Brunei sultan pushes ahead with tough sharia code

Brunei sultan pushes ahead with tough sharia code

The sultan of oil-rich Brunei announced that tough Islamic criminal punishments would be introduced tomorrow, pushing ahead with plans that have sparked rare domestic criticism of the fabulously wealthy ruler and international condemnation.

"With faith and gratitude to Allah the almighty, I declare that tomorrow, Thursday May 1, 2014, will see the enforcement of sharia law phase one, to be followed by the other phases," the absolute monarch said in a royal decree Wednesday.

Plans for the sharia penalties -- which will eventually include flogging, severing of limbs and death by stoning -- triggered condemnation on social media sites in the tiny, sleepy sultanate earlier this year.

Confusion has swirled around implementation following the unexplained postponement of an expected April 22 start date that raised questions over whether the Muslim monarch was hesitating.

But 67-year-old Sultan Hassanal Bolkiah -- one of the world's wealthiest men -- said in his decree that the move was "a must" under Islam, dismissing "never-ending theories" that sharia punishments were cruel in comments clearly aimed at detractors.

"Theory states that Allah's law is cruel and unfair but Allah himself has said that his law is indeed fair," he said.

The monarch's wealth -- estimated three years ago at USD 20 billion by Forbes magazine -- has become legendary with reports of a vast collection of luxury vehicles and huge, gold-bedecked palaces.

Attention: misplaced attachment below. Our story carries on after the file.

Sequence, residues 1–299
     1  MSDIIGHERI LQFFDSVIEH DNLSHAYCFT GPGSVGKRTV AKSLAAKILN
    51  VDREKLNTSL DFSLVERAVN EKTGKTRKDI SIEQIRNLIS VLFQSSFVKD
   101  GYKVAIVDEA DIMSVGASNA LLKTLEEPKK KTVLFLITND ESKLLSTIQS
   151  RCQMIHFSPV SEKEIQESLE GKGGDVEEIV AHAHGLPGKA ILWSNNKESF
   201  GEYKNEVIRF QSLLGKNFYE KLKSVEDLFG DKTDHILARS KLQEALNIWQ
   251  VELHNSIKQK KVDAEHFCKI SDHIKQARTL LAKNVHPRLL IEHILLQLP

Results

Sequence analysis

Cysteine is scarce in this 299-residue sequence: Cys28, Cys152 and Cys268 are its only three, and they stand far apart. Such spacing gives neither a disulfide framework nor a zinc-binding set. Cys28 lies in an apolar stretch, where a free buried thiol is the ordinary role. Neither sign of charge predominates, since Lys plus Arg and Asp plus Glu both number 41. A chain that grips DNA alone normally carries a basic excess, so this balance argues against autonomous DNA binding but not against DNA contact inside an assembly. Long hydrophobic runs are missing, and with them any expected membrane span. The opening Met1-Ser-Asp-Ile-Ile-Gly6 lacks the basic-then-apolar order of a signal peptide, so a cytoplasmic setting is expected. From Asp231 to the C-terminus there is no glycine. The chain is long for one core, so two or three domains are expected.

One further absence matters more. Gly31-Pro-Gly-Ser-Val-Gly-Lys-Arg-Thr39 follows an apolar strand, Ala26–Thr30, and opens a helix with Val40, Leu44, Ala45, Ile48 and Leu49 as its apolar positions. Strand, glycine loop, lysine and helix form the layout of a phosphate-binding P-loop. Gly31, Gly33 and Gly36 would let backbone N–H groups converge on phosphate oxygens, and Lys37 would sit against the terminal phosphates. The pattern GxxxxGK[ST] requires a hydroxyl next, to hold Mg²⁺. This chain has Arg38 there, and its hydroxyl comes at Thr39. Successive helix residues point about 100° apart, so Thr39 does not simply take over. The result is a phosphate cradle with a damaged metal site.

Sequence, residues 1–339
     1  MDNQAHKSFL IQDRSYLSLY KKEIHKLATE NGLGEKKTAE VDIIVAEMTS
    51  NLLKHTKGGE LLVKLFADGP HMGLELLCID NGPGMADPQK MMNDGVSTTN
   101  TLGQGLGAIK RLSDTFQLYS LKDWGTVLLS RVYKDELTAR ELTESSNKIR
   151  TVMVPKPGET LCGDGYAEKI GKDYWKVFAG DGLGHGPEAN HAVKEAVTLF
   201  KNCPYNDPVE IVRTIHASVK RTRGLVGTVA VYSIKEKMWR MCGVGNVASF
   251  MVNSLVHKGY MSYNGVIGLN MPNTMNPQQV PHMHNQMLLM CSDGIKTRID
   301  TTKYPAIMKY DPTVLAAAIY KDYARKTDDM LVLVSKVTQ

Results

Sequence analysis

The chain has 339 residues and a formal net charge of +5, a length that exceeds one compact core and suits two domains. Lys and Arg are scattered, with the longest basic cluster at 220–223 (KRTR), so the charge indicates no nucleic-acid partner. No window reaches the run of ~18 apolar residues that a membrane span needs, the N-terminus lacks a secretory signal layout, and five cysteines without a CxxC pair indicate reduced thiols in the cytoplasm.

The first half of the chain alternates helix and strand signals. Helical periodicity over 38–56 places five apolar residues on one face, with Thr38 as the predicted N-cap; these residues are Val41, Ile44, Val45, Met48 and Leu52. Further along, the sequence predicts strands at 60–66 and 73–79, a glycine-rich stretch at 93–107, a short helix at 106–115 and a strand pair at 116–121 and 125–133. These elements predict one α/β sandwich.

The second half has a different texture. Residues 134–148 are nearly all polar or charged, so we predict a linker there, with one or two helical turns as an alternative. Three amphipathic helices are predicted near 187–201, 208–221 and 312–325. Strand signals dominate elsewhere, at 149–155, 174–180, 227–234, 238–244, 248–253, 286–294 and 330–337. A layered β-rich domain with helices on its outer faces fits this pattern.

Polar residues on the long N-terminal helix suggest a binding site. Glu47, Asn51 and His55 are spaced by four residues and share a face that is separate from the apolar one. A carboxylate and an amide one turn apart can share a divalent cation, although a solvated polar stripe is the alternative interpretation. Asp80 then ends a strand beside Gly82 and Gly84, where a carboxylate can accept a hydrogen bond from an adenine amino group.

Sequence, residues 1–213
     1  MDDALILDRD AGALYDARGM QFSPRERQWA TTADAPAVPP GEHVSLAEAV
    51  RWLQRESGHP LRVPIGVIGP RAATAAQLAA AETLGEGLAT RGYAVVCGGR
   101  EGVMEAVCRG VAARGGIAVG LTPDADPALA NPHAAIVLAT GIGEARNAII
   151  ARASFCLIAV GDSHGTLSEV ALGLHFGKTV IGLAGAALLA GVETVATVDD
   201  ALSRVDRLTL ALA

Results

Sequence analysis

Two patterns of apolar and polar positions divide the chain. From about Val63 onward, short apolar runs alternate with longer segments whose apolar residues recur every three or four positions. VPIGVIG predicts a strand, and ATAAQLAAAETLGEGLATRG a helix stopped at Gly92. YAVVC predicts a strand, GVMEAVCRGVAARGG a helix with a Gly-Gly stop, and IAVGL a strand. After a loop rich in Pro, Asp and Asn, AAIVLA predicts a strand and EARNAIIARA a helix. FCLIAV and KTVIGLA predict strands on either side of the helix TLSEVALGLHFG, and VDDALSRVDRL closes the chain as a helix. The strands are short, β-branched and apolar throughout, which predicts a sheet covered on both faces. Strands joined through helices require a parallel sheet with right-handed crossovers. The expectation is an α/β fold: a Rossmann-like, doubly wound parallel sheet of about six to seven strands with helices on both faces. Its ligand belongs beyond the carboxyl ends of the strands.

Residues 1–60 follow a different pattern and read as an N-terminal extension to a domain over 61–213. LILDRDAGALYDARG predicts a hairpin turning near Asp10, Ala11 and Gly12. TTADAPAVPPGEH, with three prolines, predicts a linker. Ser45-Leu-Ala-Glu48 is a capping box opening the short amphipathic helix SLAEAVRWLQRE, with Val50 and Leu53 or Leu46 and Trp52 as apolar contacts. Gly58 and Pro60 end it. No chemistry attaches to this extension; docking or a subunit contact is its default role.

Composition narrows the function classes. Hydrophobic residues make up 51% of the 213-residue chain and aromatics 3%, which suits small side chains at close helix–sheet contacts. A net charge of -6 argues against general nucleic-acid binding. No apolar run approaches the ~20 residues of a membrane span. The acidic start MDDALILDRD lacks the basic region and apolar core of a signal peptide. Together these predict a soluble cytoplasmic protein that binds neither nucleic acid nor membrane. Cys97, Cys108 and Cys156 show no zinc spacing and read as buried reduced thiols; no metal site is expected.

The monarchy was deeply embarrassed by a sensational family feud between Hassanal and his younger brother Jefri Bolkiah over the latter's alleged embezzlement of USD 15 billion during his tenure as finance minister in the 1990s.

Court battles and exposes revealed salacious details of Jefri's un-Islamic jet-set lifestyle, including allegations of a high-priced harem of Western paramours and a luxury yacht he owned called "Tits".

Bruneians enjoy among the highest standards of living in Asia due to the country's energy wealth, with education, medicine and other social services heavily subsidised.

The sultan first proposed the sharia penal code in 1990s, and in recent years has increasingly warned of rising crime and pernicious outside influences such as the Internet. He has called Islam a "firewall" against globalisation.

He announced the implementation plans in October.

Brunei is the first country in East or Southeast Asia to introduce a sharia penal code on a national level.

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